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Separate Versus Integral Final Element Accessories in Safety Applications

by | Oct 21, 2013 | Safety, Valves, Actuators & Regulators

Jim Cahill

Jim Cahill

Chief Blogger, Social Marketing Leader

Final elements such as safety shutdown valves, emergency isolation valves, blowdown valves, etc., in safety instrumented functions (SIFs) are equipped with various accessories such as digital valve controllers, solenoid valves (SOV), and volume boosters, to name a few.

Emerson's Riyaz AliEmerson’s Riyaz Ali shared a draft of a paper he is developing about the different approaches with respect to smart positioners and solenoid valves in process safety applications. He noted that the IEC 61511 global safety standard defines a safety instrumented system (SIS) as an instrumented system used to implement one or more SIFs.

Final elements used in safety applications typically remain stationary until a safety demand arises which requests them to go to their safe state—either fully open or fully closed. Digital valve controllers, such as the DVC6200 SIS, have been certified by 3rd party as standalone, suitable for use in safety applications up SIL 3 SIF loops.

De-Energize-to-Trip-DETT-Fieldvue-DVC6200-SIS-DETT-Solenoid-ValveRiyaz shared that many process manufacturers still opt to use solenoid valves (SOVs) pneumatically mounted in series with the digital valve controllers. This approach provides a redundant pneumatic path in case of a safety demand, where either device will drive the emergency shutdown (ESD) valve (often tagged ZV) to the fail-safe position should the primary ESD device (solenoid valve) fail to function. In this case, the digital valve controller can drive the valve to a safe state.

Also, as we highlighted in an earlier post, Checking Your Safety Solenoid Valves, the digital valve controller can sense and capture the data for the momentary pressure blip across the solenoid valve to verify its health without causing the safety valve to move.

Riyaz explained that having a solenoid valve integral with a smart positioner would not meet redundancy requirements. This arrangement will affect the PFDavg calculations as per ISA TR84.00.02-2002 part 2. An integral SOV provides a one-out-of-one (1oo1) arrangement where an external SOV provides a one-out-of-two (1oo2) approach in the pneumatic path. The 1oo2 approach provides improved PFDavg over a 1oo1 single-box approach.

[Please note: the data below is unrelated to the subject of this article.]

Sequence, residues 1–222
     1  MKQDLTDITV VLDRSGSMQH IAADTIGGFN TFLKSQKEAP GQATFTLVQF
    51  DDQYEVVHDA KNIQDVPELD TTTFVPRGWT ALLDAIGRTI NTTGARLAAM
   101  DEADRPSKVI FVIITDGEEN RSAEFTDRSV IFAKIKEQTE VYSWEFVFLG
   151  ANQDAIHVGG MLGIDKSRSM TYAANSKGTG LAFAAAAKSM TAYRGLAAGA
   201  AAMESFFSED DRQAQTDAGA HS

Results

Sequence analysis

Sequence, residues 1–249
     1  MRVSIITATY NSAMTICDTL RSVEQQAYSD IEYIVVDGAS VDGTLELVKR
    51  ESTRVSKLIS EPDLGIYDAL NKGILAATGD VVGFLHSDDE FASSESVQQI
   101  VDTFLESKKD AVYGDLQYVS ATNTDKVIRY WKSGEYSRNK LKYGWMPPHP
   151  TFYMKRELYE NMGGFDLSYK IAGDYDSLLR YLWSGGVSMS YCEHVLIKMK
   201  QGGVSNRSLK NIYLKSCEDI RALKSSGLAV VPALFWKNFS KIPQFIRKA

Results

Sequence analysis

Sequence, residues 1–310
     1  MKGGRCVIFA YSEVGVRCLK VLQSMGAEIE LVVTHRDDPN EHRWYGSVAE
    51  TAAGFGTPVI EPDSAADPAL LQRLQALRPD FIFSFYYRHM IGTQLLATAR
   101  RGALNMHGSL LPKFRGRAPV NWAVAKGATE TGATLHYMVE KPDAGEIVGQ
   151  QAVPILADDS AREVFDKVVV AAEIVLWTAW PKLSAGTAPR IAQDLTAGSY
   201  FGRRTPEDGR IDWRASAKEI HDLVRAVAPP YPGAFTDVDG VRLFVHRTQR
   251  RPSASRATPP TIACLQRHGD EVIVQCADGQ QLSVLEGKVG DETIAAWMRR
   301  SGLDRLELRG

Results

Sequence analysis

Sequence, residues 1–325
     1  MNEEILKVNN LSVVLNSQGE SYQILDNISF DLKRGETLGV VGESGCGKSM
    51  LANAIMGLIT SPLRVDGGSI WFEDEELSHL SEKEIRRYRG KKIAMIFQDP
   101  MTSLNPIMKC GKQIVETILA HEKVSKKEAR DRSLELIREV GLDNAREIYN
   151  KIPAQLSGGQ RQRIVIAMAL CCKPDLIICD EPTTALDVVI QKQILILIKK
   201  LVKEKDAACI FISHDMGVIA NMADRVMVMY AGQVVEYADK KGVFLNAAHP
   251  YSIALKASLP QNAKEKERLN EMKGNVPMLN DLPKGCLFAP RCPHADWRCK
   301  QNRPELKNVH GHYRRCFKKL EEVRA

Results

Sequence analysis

If the SOV is external in the pneumatic line then the digital valve controller can monitor its health and its test results can be sent directly to the control system on the plunger movement within the SOV during the test. Similar tests can be done if the SOV is integral to the digital valve controller but there are neither test reports generated nor health status of internal SOV available at control system level.

Riyaz believes that an external solenoid valve pneumatically in series is a preferred option due to redundancy in hardware to drive the valve to safe state. Per IEC 61508, a smart SOV (integral microprocessor based smart positioner + integral SOV) will be classified as Type B (IEC 61508 part 2 – clause device. This means the failure mode of at least one constituent component is not well defined; or b) the behavior of the subsystem under fault conditions cannot be completely determined; or there is insufficient dependable failure data from field experience to support claims for rates of failure for detected and undetected dangerous failures.

An SOV connected in externally in series would be a Type A (IEC 61508 part 2 – clause device. This means the failure modes of all constituent components are well defined; and the behavior of the subsystem under fault conditions can be completely determined, and there is sufficient dependable failure data from field experience to show that the claimed rates of failure for detected and undetected dangerous failures are met. Going from a Type A to Type B device will have an impact on safety reliability and evaluation will be required for SIF loop for PFDavg calculation.

To improve MTTFs (Mean Time to Fail Spuriously), a smart positioner can use a reverse-type relay, which will not contribute to MTTFs. In the case of an electrical signal failure or input current signal, the smart positioner will not cause spurious trip. This means that two devices connected pneumatically in series will have MTTFs for a single device (SOV Type A device only). Smart positioner and SOV mounted externally pneumatically in series support high safety reliability and plant availability.

A smart positioner with an integral SOV will have high air consumption (67.8 scfh) for large orifice compare to a smart positioner with a similarly sized external SOV, which will have a low-bleed relay (2.1 scfh). This is because external SOVs will NOT consume any air during normal operation.

Riyaz closed suggesting that for SIS applications to keep accessories such as volume boosters or solenoid valves (if required) as an external devices rather than integral. This subject is still open and future technology developments may warrant another look at the pros and cons of integral vs. external final element accessories in process safety applications.

Update: The factors converting standard cubic feet per hour to cubic meters per hour were incorrect and have been removed.

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The opinions expressed here are the personal opinions of the authors. Content published here is not read or approved by Emerson before it is posted and does not necessarily represent the views and opinions of Emerson.